A liberal woman of color with zero name recognition and little funding takes down a powerful, long serving congressman from her own political party.
When Tahirah Amatul-Wadud heard about Alexandria Ocasio-Cortez’s stunning upset over U.S. Rep. Joe Crowley in New York’s Democratic primary last month, the first-time candidate saw parallels with her own longshot campaign for Congress in western Massachusetts.
The 44-year-old Muslim African-American civil rights lawyer, who is taking on a 30-year congressman and ranking Democrat on the influential House Ways and Means Committee, said she wasn’t alone, as encouragement, volunteers and donations started pouring in.
“We could barely stay on top of the residual love,” said Amatul-Wadud, U.S. Rep. Richard Neal’s lone challenger in the state’s Sept. 4 Democratic primary. “It sent a message to all of our volunteers, voters and supporters that winning is very possible.”
From Congress to state legislatures and school boards, Muslim Americans spurred to action by the anti-Muslim policies and rhetoric of President Donald Trump and his supporters are running for elected offices in numbers not seen since before the terrorist attacks of Sept. 11, 2001, say Muslim groups and political observers.
Many, like Amatul-Wadud, hope to ride the surge of progressive activism within the Democratic Party that delivered Ocasio-Cortez’s unlikely win and could help propel the Democrats back to power in November.
Still, the path to victory can be tougher for a Muslim American. Some promising campaigns already have fizzled out while many more face strong anti-Muslim backlash.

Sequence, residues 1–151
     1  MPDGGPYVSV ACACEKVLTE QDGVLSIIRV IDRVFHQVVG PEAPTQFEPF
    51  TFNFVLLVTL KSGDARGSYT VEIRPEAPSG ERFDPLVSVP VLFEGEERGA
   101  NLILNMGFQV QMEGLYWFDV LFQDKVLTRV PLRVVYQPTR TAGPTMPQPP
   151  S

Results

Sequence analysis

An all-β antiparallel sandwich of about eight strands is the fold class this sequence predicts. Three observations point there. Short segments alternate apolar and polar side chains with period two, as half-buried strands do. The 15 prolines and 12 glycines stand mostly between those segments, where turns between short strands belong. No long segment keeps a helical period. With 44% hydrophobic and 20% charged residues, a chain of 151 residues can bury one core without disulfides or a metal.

In Michigan, Democrat candidate for governor Abdul El-Sayed continues to face unfounded claims from a GOP rival that he has ties to the controversial Muslim Brotherhood, even though Republican and Democratic politicians alike have denounced the accusations as “conspiracy theories.”
In Rochester, MN, mayoral candidate Regina Mustafa has notified authorities of at least two instances where anti-Muslim threats were posted on her social media accounts.
And in Arizona, U.S. Senate candidate Deedra Abboud received a torrent of Islamophobic attacks on Facebook last July that prompted outgoing U.S. Sen. Jeff Flake, the Republican lawmaker Abboud is hoping to replace, to come to her defense on Twitter.
“I’m a strong believer that we have to face this rhetoric,” said Abboud, who has also had right-wing militant groups the Fraternal Order of Alt-Knights and the Proud Boys stage armed protests at her campaign events. “We can’t ignore it or pretend like it’s a fringe element anymore. We have to let the ugly face show so that we can decide if that is us.”
There were as many as 90 Muslim-Americans running for national or statewide offices this election cycle, a number that Muslim groups say was unprecedented, at least in the post-9/11 era.
But recent primaries have whittled the field down to around 50, a number that still far exceeds the dozen or so that ran in 2016, said Shaun Kennedy, co-founder of Jetpac, a Massachusetts nonprofit that helps train Muslim-American candidates.
Nine candidates for Congress are still in the running, according to Jetpac’s tally. At least 18 others are campaigning for state legislature and 10 more seek major statewide and local offices, such as governor, mayor and city council. Even more are running for more modest offices like local planning boards and school committees.